The Baja California Peninsula is one of the most special places in the world. Surrounded by the Pacific Ocean on the west and the Sea of Cortés on the east, this 775-mile-long peninsula has a warm climate and diverse terrain, ranging from coastal sand dunes and rugged mountain peaks to desert flats to isolated islands. The varied landscape supports an amazing diversity of plant and animal life—towering cardón cacti, islands crowded with breeding birds, and insects and arachnids with special adaptations to cope with life in the dunes.
The peninsula has been a magnet for adventurers and naturalists, including our own researchers who have been exploring and studying the region for more than a century. Go on an expedition with our scientists as they work alongside colleagues in Mexico to conserve one of the most amazing places on earth.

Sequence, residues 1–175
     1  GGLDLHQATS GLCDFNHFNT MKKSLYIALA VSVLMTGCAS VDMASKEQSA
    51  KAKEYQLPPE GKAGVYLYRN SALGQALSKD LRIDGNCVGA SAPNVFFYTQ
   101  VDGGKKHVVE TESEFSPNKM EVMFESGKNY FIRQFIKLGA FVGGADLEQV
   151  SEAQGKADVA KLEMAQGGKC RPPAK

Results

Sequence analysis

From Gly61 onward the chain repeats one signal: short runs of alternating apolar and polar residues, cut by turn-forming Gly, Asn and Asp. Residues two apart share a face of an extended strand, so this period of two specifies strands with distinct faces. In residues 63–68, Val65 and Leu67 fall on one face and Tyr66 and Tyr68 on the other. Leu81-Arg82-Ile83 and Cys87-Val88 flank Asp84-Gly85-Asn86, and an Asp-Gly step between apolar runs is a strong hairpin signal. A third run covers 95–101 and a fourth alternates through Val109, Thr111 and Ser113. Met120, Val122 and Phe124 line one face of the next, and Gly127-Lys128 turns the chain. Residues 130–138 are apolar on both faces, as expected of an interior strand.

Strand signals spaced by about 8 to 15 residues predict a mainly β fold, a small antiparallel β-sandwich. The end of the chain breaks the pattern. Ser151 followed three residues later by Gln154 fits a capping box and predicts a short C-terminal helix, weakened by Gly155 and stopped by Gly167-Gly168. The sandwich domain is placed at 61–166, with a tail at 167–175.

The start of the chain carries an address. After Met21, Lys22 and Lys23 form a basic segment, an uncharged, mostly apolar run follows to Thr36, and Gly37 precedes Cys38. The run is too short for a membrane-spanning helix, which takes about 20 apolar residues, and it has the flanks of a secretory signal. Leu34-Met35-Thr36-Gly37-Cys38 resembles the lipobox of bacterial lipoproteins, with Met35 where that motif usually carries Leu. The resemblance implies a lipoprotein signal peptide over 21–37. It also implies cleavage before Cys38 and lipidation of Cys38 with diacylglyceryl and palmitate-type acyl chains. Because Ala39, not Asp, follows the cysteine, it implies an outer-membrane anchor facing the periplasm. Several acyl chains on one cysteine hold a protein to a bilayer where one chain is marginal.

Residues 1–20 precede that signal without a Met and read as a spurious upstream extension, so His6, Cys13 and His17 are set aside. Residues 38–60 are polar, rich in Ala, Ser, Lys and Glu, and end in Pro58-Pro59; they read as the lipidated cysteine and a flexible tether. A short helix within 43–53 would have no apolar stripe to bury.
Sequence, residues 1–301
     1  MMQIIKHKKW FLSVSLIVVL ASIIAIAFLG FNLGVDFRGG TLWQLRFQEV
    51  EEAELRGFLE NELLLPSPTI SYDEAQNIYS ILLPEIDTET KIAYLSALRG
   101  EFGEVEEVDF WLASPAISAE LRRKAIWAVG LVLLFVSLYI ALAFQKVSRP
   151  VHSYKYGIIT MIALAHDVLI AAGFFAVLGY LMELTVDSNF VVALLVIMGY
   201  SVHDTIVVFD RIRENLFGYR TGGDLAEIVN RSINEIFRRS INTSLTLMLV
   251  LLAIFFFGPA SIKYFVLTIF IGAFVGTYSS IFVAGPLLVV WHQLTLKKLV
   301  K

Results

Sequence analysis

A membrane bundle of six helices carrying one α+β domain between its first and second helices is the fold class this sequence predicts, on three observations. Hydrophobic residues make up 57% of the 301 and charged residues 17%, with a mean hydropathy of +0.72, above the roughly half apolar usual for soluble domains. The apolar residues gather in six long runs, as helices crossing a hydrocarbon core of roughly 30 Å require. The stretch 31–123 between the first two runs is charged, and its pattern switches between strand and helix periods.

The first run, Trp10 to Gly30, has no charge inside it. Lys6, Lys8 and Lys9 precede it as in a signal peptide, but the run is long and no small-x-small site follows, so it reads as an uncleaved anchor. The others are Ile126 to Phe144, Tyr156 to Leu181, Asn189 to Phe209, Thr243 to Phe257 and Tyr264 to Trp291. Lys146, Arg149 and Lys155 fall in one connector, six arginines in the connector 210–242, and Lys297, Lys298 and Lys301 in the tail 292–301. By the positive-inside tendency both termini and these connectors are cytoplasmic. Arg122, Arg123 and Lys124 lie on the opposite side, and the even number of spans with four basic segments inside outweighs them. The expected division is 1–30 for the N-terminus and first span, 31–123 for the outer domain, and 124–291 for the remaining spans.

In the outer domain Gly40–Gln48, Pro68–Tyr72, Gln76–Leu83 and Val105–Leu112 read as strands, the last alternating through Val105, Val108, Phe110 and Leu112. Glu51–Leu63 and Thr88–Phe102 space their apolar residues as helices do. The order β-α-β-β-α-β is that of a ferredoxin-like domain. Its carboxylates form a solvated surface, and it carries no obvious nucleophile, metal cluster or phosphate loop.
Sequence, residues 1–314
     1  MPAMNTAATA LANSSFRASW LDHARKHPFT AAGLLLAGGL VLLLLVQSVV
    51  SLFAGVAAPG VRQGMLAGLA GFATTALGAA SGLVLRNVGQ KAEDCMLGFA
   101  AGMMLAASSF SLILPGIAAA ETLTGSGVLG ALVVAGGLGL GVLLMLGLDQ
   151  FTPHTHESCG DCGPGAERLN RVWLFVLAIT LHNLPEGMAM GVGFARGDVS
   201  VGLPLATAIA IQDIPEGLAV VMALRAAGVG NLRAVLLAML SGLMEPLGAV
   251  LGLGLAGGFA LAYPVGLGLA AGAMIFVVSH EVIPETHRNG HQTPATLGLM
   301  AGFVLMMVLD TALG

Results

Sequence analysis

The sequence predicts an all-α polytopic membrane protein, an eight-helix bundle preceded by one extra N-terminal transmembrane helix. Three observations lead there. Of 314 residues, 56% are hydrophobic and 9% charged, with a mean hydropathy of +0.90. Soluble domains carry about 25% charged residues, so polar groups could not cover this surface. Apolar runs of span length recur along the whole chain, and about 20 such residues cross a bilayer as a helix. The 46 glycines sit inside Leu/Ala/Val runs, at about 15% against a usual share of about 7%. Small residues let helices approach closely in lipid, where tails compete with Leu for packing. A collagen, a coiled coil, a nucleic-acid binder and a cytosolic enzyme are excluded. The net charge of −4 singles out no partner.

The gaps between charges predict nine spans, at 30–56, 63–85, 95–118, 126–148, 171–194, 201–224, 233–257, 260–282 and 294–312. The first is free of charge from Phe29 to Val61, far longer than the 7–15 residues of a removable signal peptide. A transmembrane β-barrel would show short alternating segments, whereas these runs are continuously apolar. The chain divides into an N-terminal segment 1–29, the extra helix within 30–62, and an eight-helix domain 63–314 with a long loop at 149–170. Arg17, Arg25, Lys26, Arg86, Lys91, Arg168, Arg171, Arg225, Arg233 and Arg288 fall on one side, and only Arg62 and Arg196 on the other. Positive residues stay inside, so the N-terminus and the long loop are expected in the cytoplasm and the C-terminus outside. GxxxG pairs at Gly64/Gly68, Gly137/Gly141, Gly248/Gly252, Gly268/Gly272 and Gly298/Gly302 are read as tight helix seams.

Using specimens from the Museum’s scientific collections alongside immersive imagery and stories about conservation work happening there, Expedition Baja brings to life one of the most incredible regions in the world.
At home in a brand-new gallery on the top floor of the Museum, this new permanent exhibition takes visitors off the beaten path on a journey with researchers through sky and sea islands, palm oases, and fog deserts as they discover new species, work to conserve native plants and animals, and explore the most remote parts of the peninsula.
In keeping with the Museum’s binational focus, all information in Expedition Baja is presented in both English and Spanish.